Which Marketplace is right for you?

Which Marketplace is right for you?

When starting out in online selling, the easiest and quickest way to start is by signing up to one of the many online marketplaces. Why? They already attract a huge audiences (most in the millions) so it’s like setting up a shop in a very very busy shopping mall. Of course, the downside of that is you’re fighting for attention over many many other shops BUT it’s costs effective and gives you time to find out what works and what doesn’t work before you outlay additional costs connected to setting up on your own.

We started our online selling journey back in 2011 - things were definitely different 10 years ago. Social media was nowhere near the level it’s at now and marketplaces rules have changed since the beginning but I’m going to give a short break down  of the experiences we had on each platform to help you weigh up which may be the best starting place for you.

  • eBay (August 2011 - April 2019)
eBay was our first selling outlet - in the beginning, we designed and made wall art and decals. At the time, we were one of the only major producers in the UK (since then it’s become a very saturated market!) and eBay was a great outlet - you can set up your own eBay store and customise, it allows customers to follow your store and has a Newsletter option allowing you to send instant notifications to customers about new products and promotions. Personally, I found the Seller protection on eBay pretty good. As long as you do everything right your end - send on time, send items as described etc, they have your back. You will always get “chancers” but I found generally, eBay was good and would recommend as a first online shop due to the listing ease and vast customer base.

  • Amazon (Sept 2011 - April 2020)
I had a love/ hate relationship with Amazon as a marketplace. I think it’s tailored more towards sellers who can ship stock items to the Prime Warehouses. This doesn’t work very well with handmade/ personalised items. Since this is the only avenue I have experience with - that reflects my experience.
There’s no denying Amazon is a huge marketplace with great exposure. We made a great livelihood from Amazon for many years but there were also a lot of tough and often unfair rules that are very restrictive.
With the explosion of Prime delivery, customers found it difficult to differentiate between Prime delivery (next day) and standard third party shipping time - for handmade items, next day delivery was almost always impossible and last year, we decided Amazon was going in a different direction than what worked well for us. If you have ready to ship products - it’s a good market. Personally I would save yourself the extra fees and ship directly yourself if you can, or if time or space don’t allow, their warehouses offer a great outlet to small businesses.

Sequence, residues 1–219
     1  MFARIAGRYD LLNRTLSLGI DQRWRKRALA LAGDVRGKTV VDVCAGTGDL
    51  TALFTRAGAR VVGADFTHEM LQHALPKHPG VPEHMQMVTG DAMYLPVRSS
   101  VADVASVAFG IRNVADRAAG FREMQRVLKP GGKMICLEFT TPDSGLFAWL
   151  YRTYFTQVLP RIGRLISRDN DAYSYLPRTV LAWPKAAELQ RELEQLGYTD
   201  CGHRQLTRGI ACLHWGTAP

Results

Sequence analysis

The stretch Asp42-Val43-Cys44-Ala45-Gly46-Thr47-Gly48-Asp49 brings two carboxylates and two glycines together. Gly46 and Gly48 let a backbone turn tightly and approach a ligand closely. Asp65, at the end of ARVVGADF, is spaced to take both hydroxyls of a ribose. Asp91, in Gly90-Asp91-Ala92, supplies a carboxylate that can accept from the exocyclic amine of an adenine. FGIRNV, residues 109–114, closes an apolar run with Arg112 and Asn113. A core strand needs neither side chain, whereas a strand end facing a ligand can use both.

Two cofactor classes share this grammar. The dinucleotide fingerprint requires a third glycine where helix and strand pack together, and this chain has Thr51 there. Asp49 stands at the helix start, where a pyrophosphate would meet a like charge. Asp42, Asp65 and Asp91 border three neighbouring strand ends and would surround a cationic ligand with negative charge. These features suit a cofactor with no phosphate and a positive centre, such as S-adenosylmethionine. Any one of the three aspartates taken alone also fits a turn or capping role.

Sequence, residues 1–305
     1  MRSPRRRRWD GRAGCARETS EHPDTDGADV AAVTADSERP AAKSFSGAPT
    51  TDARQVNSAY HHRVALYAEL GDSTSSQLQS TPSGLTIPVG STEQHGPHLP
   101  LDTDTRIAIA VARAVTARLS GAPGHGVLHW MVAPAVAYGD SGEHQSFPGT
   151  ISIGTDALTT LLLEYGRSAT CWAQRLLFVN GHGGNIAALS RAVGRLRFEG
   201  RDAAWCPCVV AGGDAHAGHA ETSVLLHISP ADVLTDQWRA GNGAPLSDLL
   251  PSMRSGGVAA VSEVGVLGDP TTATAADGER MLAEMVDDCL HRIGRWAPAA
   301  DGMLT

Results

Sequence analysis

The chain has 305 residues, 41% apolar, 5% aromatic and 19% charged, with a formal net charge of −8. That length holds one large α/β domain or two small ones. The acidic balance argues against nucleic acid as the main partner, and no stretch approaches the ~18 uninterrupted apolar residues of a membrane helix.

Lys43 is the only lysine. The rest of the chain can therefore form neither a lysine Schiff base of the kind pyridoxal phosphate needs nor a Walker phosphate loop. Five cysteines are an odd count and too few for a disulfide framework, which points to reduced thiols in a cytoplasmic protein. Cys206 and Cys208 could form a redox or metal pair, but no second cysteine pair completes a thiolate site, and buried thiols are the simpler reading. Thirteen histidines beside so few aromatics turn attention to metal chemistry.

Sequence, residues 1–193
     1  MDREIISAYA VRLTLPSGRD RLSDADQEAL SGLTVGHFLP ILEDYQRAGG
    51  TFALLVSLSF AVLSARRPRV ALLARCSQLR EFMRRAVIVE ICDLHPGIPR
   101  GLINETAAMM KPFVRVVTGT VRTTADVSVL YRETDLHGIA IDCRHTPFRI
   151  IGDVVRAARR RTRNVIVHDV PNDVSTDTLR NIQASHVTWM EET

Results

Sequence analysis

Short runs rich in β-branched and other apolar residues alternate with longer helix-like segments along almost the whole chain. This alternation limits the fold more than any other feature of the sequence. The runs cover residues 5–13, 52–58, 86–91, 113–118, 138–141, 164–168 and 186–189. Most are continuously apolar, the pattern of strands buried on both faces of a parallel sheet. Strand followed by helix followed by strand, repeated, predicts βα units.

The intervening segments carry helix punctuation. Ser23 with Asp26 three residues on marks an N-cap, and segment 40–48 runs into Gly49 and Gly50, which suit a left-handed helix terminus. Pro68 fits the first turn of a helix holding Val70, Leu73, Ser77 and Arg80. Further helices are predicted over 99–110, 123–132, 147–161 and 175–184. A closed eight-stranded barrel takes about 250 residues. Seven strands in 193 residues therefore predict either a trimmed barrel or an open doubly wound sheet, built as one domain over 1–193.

• Etsy (January 2020 - Present Day)
I was late to the game when it came to Etsy but I have to say, for the handmade or personalised market, it’s unbeatable. UK readers are probably aware of Not on the High Street (an online marketplace specialising in personalised goods) - we were thrilled to be invited to be a partner on the site back in 2016. Sadly we found the commission they took just too high in comparison to other marketplaces and so made our shop inactive a couple of years ago. Etsy was the perfect balance between fair fees and a great fit for our brand. 

I have found the customers on Etsy to be lovely, friendly and supportive - they understand handmade items are made with love and sometimes a little time and are appreciative of the extra special items they are buying.  
Etsy as a marketplace are equally fair to customers and sellers and provide great support if needed. The site is easy to use and is improving all the time - it’s definitely my pick of a marketplace!
When to branch out on your own..
When you start a new business, the first thing you want is a website right? Not necessarily, if you are newly starting out at selling (I’m not talking about selling services - these will always need websites straight away!) but if you’re selling items, websites can be an overhead you don’t need in the early days until you’ve established your brand, have built a customer base or have done some good SEO research. Once you’ve started to achieve any of those things, it might be time to set up shop! There are lots of website building sites that can make it much easier to design your site and upload your designs (you don’t need to be an I.T genius!) and once you start to get a steady flow of organic sales through your own website, you’re well on your way to becoming the online shop you’ve probably always imagined.
What experiences have you had with online marketplaces? Share below!
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